Then came the advent of the flat wick instead of the tubular. The first of these was of felt, much the same material as in a felt hat but much coarser. That stuff was really a bust -- no capillary action at all. They lasted, but quick. Then came the woven wick, pretty much the same as those still in use today. This wick, and the burner used with it, had been invented quite awhile before, for on July 7th 1880 (eight years before I began railroading), one Winfield S. Rogers of Columbus, Ohio was granted patent number 233,024 covering the following claim, "Separate flanged oil cup and wick tube and the bifurcated heater, the curved ends of which stand askew with reference to said tube." And by golly there was a picture of the old familiar flat wick burner with the inverted hairpin and the slots for raising or lowering the wick. The only difference I could see was this -- Mr. Rogers had the open points of his hairpin alongside of the flame instead of directly in it. What advantage there was in that, I don't know, as I never used it.

Suddenly there broke a new and glorious era -- that of "Signal Oil" -- which was to endure for many years and which to my probably cockeyed notion furnished the best railroad lantern fuel and light that has yet been found. I wouldn't trade my old "copper top, Fort Scott, signal oil lantern with No. 1 burner" [note 2] for an even dozen of these new juice bugs, if you included a perpetual supply of batteries. Anyhow, with the advent of signal oil, lamps began to improve in every way. Ratchet burners came into use, though with the first of them you had to open your lantern to turn the ratchet. If it was windy, out went your light.

Then some guy brought one out with the little wheel on the end of the ratchet shaft that had teeth around the edge. These teeth engaged in holes in a circular plate fastened to the base compartment of the frame. Rotating this movable base would rotate the ratchet shaft and thus lower or raise the wick. It worked fine as long as everything was normal, but if the shaft became bent or the plate was out of kilter, something that occurred very easily, the whole shebang went haywire and the wick became inoperative. The final and lasting improvement was simply to make the ratchet shaft long enough to project through a slot in the base, and you moved the wick just as on an old-style kerosene lamp in the home.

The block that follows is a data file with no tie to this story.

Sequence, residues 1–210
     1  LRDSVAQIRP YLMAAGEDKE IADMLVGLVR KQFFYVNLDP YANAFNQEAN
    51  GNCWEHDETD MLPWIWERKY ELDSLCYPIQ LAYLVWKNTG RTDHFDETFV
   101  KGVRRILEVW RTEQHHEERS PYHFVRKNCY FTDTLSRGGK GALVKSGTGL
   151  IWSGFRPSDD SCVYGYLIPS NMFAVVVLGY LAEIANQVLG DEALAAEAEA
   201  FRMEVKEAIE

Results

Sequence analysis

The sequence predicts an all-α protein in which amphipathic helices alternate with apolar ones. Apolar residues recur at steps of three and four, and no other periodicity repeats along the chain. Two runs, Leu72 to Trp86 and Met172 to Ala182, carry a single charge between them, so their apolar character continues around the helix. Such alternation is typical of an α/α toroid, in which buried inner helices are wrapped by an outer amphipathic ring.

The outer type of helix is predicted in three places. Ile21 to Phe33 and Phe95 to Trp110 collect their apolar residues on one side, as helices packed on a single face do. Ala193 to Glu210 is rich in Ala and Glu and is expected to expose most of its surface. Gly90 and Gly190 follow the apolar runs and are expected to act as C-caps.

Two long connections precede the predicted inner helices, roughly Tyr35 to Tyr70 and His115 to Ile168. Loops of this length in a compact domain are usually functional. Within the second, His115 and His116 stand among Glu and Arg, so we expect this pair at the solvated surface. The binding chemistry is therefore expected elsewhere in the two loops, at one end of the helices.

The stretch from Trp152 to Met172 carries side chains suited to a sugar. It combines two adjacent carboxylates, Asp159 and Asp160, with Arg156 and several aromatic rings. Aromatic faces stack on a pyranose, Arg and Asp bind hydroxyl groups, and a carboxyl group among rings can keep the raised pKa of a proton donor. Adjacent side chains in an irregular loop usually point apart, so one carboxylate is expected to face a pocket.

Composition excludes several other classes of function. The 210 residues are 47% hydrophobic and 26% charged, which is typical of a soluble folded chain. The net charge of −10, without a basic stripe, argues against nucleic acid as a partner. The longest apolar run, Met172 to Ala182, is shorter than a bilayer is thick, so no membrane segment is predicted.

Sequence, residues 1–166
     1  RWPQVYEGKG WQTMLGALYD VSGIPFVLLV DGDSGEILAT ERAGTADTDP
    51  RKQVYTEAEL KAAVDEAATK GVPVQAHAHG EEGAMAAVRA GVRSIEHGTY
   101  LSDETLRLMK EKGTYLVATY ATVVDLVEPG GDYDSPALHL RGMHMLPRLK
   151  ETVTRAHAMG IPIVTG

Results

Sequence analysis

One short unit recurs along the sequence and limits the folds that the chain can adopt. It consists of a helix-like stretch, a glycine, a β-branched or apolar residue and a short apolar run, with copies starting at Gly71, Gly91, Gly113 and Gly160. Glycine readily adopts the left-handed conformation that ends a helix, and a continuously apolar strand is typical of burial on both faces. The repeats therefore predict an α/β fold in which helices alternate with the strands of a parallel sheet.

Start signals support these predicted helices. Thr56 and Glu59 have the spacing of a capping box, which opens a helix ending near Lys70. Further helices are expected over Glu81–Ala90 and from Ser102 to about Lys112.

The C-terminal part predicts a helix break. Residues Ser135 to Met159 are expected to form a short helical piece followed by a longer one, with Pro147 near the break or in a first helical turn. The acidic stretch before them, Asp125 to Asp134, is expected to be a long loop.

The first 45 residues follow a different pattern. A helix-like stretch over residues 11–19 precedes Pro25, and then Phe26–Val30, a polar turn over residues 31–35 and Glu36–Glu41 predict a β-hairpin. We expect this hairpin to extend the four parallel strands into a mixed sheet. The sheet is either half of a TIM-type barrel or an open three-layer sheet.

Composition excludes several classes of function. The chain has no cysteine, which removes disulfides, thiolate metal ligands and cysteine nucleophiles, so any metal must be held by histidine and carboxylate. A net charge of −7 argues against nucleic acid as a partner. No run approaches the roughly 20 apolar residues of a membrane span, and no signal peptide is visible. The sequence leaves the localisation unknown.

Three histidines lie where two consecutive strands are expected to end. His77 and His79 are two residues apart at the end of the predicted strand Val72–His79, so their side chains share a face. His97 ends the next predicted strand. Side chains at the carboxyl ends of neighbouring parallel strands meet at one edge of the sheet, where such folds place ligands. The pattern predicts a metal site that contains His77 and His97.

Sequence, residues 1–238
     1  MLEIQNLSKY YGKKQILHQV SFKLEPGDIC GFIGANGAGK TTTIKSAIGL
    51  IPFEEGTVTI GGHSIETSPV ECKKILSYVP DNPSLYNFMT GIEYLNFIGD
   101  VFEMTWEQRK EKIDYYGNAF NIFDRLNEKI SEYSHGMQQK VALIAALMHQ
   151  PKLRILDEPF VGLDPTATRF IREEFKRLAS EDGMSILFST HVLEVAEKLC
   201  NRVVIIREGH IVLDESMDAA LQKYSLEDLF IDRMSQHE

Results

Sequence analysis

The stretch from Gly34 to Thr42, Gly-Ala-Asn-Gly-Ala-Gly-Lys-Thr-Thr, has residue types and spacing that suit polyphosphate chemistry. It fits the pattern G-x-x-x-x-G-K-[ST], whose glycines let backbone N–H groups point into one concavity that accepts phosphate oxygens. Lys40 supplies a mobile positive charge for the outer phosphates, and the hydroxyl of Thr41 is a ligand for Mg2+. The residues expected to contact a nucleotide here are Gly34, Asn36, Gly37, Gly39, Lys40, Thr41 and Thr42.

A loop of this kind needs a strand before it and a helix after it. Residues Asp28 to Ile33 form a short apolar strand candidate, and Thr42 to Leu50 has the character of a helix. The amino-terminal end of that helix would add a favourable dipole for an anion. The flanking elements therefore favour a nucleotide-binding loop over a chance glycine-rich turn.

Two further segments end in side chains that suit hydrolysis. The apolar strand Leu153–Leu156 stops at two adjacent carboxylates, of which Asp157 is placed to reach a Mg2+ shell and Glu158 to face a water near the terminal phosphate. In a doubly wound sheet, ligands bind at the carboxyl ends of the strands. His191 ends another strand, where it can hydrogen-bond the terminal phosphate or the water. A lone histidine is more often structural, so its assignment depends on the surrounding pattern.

During this period of lantern trials there was a bewildering variety of types and forms. Some oil founts were removable through the bottom of the frame; some of them were integral with the lower part of the lantern; some had to be taken out through the top of the lamp; some founts simply sat in a socket in the bottom of the frame; and others were screwed into place.

The earlier types of lanterns were poorly drafted and a swift movement such as occurs in giving a fast, hard signal, would set up a current of air that would extinguish the flame. One of the lanterns that was an exception to this was that used by the old Kansas City, Fort Scott & Memphis (now Frisco). This lamp was of an unusually light construction and had a copper top. It was very popular with the boomers and was universally known as the "Fort Scott copper top." Who the manufacturers were I don't know, though I have an idea it was Dietz. In common with many another boomer, when I left that pike one of these lamps was hanging on my grip. I carried and used it for a long time, but finally some guy "borrowed" it when I wasn't looking. I hope it served him as faithfully as it did me. Brother, one could sure give a wicked sign with that baby and she'd stay lit.

The signal oil era lasted so long that many lanterns made history during it. Probably the most famous lantern of all time was and is the one used by Kate Shelley on the night of July 6th, 1881 when, as a girl of fifteen, she used it to light her way across a storm-wrecked bridge to save a passenger train from destruction. That lantern can be seen in the Iowa Department of History and Archives Building in Des Moines, Iowa. And many another lantern has played its part in averting catastrophe on the steel trails.